A minesweeper is the only U.S. Navel vessel that is made out of wood. It is made out of wood so as not to attract magnetic mines and get itself blown up. A minesweeper sweeps mines in two ways. First, it drags a looped thick cable behind its stern (looped meaning the two ends of the cable are both kept attached to the deck of the ship). This cable, apparently transmits a pulse that detonates magnetic mines.
We couldn't manage to keep both ends on deck though, one end breaking off and winding into the sea (not my fault). We spent the rest of the day retrieving it (it was really big, long, and heavy).
The other way a minesweeper sweeps mines is to drag out two submerged chains behind it in a V pattern, each chain fitted with explosive catches at equal intervals along the chain, the idea being as the ship sweeps a submerged mine field (assuming the ship doesn't hit one) mines attached to cables will get caught in the explosive catches, which cut the cables, releasing the mines which float to the surface, where they are simply shot at until they explode.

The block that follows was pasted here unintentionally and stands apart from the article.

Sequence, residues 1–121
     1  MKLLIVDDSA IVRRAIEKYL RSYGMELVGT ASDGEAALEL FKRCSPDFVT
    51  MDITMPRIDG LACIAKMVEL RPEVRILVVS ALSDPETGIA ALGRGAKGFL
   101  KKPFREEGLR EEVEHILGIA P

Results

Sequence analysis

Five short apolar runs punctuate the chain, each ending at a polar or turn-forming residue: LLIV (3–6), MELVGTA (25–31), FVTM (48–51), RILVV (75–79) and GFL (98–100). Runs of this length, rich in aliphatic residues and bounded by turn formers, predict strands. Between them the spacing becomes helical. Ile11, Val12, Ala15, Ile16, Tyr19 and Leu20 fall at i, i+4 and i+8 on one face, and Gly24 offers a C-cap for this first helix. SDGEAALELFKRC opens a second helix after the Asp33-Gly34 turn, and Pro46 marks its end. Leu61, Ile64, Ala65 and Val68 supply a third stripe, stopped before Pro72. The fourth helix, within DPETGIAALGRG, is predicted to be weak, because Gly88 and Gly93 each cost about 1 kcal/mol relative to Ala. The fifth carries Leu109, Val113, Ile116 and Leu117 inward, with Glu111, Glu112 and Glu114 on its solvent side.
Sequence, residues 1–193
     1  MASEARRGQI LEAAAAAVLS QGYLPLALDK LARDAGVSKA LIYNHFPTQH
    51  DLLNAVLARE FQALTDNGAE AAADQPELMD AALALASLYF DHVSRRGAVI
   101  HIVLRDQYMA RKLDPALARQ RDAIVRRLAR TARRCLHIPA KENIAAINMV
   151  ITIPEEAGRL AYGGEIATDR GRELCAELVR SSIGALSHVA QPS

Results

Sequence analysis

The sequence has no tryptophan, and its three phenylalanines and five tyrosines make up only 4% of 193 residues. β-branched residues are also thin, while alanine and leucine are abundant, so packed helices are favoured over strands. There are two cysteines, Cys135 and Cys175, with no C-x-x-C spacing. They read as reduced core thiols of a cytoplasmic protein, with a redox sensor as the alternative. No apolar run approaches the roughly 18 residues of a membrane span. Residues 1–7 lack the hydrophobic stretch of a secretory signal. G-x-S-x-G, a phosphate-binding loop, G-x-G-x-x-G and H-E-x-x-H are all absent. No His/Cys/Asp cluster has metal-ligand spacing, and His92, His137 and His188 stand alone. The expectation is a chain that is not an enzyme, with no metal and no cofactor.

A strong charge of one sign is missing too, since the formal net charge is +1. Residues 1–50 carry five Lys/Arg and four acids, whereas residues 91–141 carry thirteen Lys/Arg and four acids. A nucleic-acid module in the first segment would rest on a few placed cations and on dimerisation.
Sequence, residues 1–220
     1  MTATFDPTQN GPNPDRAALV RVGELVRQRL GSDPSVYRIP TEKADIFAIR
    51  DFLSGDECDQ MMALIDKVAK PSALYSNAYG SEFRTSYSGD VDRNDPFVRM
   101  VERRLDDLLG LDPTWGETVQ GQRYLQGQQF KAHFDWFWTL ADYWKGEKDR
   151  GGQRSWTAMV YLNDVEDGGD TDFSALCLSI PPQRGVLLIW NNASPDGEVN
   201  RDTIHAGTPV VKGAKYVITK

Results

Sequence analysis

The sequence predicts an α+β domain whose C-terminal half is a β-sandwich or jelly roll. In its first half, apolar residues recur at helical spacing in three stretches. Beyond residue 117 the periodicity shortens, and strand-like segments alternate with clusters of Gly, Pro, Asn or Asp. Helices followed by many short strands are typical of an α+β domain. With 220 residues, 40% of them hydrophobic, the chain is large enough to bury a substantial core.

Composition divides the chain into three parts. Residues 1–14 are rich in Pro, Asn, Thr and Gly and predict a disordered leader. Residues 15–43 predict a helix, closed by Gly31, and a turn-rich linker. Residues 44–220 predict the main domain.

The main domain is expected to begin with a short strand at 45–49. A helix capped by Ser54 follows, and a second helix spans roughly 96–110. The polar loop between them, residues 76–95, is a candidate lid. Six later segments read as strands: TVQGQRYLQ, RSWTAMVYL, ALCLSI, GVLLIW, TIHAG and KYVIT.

We did that the second day.
The night before, of course, still sick as hell, I was awarded the mid-watch (midnight until four), outside as a lookout, in an actual crows-nest, the highest point on the ship which was constantly swaying back and forth, up and down, sideways and byways. Four hours. Barf City.
When it was all over, me and my friend congratulated ourselves on a job well done, then headed for a bar.
Ah, the memories.
After the movie we went dancing in Hollywood at the Knitting Factory. Synchronized Hip Hop!